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Tuesday, June 27, 2023

Creepshow 4K Ultra HD Review Scream Factory Gives Fresh Life to the Quintessential Horror Anthology

Although far from the first horror anthology, Creepshow quickly established itself as the quintessential one. After several stalled attempts to work together, George A. Romero and Stephen King — two undisputed masters in their respective fields, each in their prime — finally collaborated in 1982. With both creators having grown up on EC horror comics of the 1950s like Tales from the Crypt, The Vault of Horror, and The Haunt of Fear, it made sense that an homage to those works would bring the two titans of terror together.

Creepshow packs five tales (three originals and two adapted from existing King short stories) plus a wraparound that bookends the film in two hours flat. The Halloween-set framing story finds a disparaging father (genre legend Tom Atkins, sans signature mustache) lambasting his son (a young Joe Hill, King’s son and now a bestselling author himself) for reading horror comics before throwing away the latest issue of Creepshow. Beckoned by the silent host known as The Creep, the tales within the discarded comic serve as the anthology’s segments.

“Father’s Day” tells the story of a different breed of dysfunctional family. Hank Blaine (Ed Harris, The Abyss) meets his new wife’s family at their annual Father’s Day gathering, where he learns about the open secret that Aunt Bedelia (Viveca Lindfors, Stargate) killed her abusive father, Nathan (John Amplas, Day of the Dead), and distributed his fortune among the rest of the family. Unfortunately for all involved, the zombified Nathan returns for revenge… and cake.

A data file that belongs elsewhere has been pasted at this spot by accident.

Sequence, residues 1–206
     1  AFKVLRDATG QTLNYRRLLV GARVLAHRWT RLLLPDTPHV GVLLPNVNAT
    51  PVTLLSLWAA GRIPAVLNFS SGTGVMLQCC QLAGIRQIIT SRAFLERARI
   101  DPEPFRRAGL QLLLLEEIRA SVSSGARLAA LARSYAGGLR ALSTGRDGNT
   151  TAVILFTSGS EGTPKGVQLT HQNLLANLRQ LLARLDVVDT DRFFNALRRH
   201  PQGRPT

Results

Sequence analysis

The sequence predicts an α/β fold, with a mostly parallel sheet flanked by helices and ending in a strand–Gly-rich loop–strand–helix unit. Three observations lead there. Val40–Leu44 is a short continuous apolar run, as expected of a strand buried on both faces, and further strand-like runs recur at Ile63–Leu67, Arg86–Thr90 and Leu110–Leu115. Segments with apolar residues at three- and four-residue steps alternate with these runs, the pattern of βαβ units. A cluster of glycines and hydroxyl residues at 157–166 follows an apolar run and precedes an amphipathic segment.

Jordy Verrill

King would later make appearances in several adaptations of his work, but prior to Creepshow his only acting experience was a brief cameo in Romero’s Knightriders a year earlier. As such, it was a big swing to cast him as the lead in “The Lonesome Death of Jordy Verrill.” Based on King’s 1976 short story “Weeds” (itself a riff on H. P. Lovecraft’s “The Colour Out of Space”), the plot centers on the titular bumpkin who discovers a meteorite on his farm. It’s not long before a grass-like substance begins to engulf his entire being. King’s comic performance isn’t bad per se, but it’s over-the-top even in comparison to the heightened reality in which the rest of the movie exists.

“Something to Tide You Over” employs the same hook as the first segment — the dead returning from the grave for retribution — but with better execution and more tension. Cuckolded millionaire Richard Vickers (Leslie Nielsen, just before he become synonymous with comedy) buries his wife (Gaylen Ross, Dawn of the Dead) and her lover (Ted Danson, Cheers) up to the neck in sand and waits for the tide to come in, but the sea won’t quench their thirst for vengeance.

Based on King’s 1979 short story of the same name, “The Crate” is the longest — and most developed — segment at 38 minutes. When a mysterious crate from 1834 is discovered on a college campus, professor Dexter Stanley (Fritz Weaver, Marathon Man) makes the mistake of unlocking the chains that bind it, unleashing a ferocious creature from within. He alerts fellow professor Henry Northup (Hal Holbrook, The Fog) of the situation, who attempts to utilize the beast to rid him of his demeaning wife, Billie (a full-camp Adrienne Barbeau, Escape from New York).

Ghouls and monsters don’t scare me, but bugs give me the heebie jeebies. In pristine 4K, I couldn’t help but watch bits of “They’re Creeping Up on You” through my fingers. The final segment centers on cold-hearted, germaphobic businessman Upson Pratt (E.G. Marshall, Christmas Vacation) as his sterile penthouse is infiltrated by hundreds of creeping, crawling cockroaches.